Up to 600 Irish and British workers are expected to flock to Christchurch over the next six months, an overseas recruitment expert says.
Three hundred workers are needed immediately in Christchurch, with hundreds more expected to arrive from Europe by mid-next year, Scott Mathieson, the director of Auckland-based migration services business Working In, told The Press.
The company held career expos in mid-November in Dublin, Manchester and London, which would bring in "a significant amount of people to Christchurch".
"For the Irish, where the unemployment rate is 14.8 per cent, the idea that they can get employment down here is really good," Mathieson said.
Hundreds of Irish and British people have already arrived for the rebuild. Immigration New Zealand figures from September showed Britain, the Philippines and Ireland head the list of countries providing labour in the city.
Britain was well ahead with 214 visas, followed by the Philippines with 80 and Ireland on 69.
Christchurch's Irish Society has seen its membership more than double since the quake, suggesting even more Irish people have already arrived for the rebuild.
Working In is holding another round of expos in Ireland and the United Kingdom in March.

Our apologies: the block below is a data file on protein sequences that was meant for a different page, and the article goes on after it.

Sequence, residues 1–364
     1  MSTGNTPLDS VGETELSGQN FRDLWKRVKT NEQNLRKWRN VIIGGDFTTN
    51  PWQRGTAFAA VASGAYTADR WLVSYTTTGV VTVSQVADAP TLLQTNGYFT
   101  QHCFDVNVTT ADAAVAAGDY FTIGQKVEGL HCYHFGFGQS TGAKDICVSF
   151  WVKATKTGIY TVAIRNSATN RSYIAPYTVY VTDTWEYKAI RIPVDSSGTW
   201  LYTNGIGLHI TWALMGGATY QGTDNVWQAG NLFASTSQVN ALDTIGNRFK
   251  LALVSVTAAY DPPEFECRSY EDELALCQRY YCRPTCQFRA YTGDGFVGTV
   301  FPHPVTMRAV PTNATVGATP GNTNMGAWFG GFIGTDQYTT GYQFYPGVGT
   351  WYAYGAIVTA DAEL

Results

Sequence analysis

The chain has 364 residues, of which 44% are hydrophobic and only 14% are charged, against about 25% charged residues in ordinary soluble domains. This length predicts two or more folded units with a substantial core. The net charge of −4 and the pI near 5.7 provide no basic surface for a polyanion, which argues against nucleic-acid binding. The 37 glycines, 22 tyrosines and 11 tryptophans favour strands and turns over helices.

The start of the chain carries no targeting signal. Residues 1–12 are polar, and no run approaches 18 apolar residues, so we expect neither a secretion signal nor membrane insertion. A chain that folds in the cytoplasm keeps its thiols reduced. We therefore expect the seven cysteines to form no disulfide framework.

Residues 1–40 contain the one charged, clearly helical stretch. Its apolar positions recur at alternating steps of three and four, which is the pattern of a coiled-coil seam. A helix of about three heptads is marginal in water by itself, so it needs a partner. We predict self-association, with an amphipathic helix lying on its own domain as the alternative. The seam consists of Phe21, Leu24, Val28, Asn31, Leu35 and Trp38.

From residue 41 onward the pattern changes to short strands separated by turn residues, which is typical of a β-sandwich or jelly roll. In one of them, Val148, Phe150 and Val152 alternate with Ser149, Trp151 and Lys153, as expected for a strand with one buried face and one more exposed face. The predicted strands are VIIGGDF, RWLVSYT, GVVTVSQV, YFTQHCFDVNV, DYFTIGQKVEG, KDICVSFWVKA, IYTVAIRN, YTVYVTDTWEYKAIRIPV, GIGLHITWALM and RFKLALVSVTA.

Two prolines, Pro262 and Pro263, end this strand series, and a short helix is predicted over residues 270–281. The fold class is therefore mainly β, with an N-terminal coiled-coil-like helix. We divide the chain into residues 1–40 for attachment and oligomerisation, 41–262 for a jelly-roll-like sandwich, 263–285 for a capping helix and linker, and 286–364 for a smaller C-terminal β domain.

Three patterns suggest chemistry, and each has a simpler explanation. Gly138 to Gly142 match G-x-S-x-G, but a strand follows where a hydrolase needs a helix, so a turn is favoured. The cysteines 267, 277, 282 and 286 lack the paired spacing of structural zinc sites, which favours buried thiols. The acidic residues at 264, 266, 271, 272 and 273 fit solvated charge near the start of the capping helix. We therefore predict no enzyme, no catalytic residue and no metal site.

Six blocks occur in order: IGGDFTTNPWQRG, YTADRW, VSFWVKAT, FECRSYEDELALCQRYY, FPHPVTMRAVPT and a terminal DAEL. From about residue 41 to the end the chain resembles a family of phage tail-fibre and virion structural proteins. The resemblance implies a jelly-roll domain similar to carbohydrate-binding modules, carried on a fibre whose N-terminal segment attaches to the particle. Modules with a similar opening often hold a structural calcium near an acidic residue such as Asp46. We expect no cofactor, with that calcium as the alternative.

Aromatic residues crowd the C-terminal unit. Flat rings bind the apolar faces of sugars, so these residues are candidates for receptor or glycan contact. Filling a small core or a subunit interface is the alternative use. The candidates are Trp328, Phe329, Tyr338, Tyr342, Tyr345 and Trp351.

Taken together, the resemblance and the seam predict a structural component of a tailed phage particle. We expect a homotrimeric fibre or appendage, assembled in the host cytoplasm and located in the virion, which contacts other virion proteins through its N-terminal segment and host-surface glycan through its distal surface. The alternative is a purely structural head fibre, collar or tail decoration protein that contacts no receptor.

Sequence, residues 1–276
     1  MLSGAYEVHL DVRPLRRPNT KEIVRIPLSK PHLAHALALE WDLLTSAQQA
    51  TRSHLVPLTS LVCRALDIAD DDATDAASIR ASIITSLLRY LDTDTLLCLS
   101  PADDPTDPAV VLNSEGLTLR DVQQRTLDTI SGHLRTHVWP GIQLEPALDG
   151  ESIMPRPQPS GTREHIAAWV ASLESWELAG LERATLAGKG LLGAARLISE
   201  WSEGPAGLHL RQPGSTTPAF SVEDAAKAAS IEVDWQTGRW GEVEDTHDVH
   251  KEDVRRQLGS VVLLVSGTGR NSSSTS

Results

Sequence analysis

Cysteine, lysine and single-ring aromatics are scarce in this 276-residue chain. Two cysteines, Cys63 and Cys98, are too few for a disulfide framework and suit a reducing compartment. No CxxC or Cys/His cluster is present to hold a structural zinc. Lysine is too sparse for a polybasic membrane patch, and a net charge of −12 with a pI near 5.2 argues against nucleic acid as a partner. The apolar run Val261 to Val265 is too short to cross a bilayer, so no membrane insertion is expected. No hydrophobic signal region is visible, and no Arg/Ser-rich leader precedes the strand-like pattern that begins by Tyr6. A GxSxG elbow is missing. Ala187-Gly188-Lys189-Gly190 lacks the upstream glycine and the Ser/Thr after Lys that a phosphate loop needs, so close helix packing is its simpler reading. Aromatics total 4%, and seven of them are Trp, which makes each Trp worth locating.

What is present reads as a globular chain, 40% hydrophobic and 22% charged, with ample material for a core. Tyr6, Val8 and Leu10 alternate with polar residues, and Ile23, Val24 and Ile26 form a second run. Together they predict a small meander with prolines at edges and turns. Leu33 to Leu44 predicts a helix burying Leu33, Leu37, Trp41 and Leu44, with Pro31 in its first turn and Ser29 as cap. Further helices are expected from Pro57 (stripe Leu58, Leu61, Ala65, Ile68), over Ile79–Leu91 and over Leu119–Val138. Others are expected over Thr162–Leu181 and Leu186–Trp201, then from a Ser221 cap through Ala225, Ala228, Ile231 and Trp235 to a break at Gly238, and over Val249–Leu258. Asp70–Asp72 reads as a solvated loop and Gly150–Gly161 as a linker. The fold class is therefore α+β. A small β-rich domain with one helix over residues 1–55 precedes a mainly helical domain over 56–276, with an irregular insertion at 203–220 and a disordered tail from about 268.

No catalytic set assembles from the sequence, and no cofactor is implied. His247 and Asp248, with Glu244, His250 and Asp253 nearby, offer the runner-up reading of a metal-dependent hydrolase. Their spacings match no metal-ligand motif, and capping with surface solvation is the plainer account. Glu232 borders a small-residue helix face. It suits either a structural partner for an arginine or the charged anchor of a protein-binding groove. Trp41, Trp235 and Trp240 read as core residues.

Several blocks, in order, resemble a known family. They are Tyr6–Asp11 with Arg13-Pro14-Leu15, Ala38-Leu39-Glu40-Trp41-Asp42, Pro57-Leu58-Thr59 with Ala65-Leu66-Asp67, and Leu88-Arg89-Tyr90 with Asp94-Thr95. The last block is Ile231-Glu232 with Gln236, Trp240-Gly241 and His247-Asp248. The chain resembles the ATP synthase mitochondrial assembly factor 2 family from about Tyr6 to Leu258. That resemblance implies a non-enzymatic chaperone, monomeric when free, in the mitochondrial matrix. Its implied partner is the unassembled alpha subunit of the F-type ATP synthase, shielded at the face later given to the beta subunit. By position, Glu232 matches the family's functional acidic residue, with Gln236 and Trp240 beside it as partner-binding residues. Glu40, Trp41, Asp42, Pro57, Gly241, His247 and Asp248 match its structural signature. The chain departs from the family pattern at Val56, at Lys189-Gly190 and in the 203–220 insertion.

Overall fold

"It's really started to heat up, there's quite a lot of pressure," Mathieson said.
"I would be expecting, from that last round of expos, to get 500 to 600 more workers in the next six months."
He said suitable New Zealand workers had become too hard to find.
"Obviously, it's about Kiwis first - but even talking to the clients, they're saying: ‘We can't get New Zealanders to do this'. We can't even find people with low-level skills."
Advanced Personnel national operations manager Ryan Densem said the recruitment firm was unable to find skilled tradespeople quickly enough.
"We can't find enough skilled Irish people willing to come across. We can't find enough tradespeople, predominantly carpenters and people within the civil and construction industries, full stop. We've got so many unfilled jobs in these trades, it doesn't make a difference where we get them from as long as their skills line up with New Zealand's standards."
He said the Irish were in demand as their skills and training were comparable with New Zealand's.
Advanced Personnel already has a recruitment co-ordinator in Ireland, he said. So far, about 20 of its recruits had come over.
Managing director Matt Jones of recruitment firm Canstaff said they were looking for workers "from tradesmen upwards", and the company had shifted their focus to find them.
"I've been to Ireland and Scotland six times in the last 18 months. I now have offices in Dublin and Northern Ireland, so that's where our focus is."
Christchurch Irish Society president Natasha Taylor said they had noticed a large increase in numbers after the earthquakes.
"Our community has at least doubled. We probably had about 200 or 300 now we have at least 600 here."
ASB bank figures suggest economic activity in Christchurch is now above pre-quake levels, led by construction.
- The Press
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